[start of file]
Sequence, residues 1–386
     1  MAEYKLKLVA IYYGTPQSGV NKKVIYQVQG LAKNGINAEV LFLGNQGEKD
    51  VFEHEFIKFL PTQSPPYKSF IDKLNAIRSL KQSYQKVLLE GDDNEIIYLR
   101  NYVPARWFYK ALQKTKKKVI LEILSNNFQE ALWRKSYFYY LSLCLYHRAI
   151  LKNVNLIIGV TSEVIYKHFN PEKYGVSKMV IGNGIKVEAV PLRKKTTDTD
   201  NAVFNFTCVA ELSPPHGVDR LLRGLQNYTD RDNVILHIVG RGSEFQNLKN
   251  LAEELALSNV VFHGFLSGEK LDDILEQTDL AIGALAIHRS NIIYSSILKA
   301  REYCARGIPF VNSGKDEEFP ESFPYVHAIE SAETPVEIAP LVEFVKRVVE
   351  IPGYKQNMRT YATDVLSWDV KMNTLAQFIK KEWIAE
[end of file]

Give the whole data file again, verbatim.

Sequence, residues 1–386
     1  MAEYKLKLVA IYYGTPQSGV NKKVIYQVQG LAKNGINAEV LFLGNQGEKD
    51  VFEHEFIKFL PTQSPPYKSF IDKLNAIRSL KQSYQKVLLE GDDNEIIYLR
   101  NYVPARWFYK ALQKTKKKVI LEILSNNFQE ALWRKSYFYY LSLCLYHRAI
   151  LKNVNLIIGV TSEVIYKHFN PEKYGVSKMV IGNGIKVEAV PLRKKTTDTD
   201  NAVFNFTCVA ELSPPHGVDR LLRGLQNYTD RDNVILHIVG RGSEFQNLKN
   251  LAEELALSNV VFHGFLSGEK LDDILEQTDL AIGALAIHRS NIIYSSILKA
   301  REYCARGIPF VNSGKDEEFP ESFPYVHAIE SAETPVEIAP LVEFVKRVVE
   351  IPGYKQNMRT YATDVLSWDV KMNTLAQFIK KEWIAE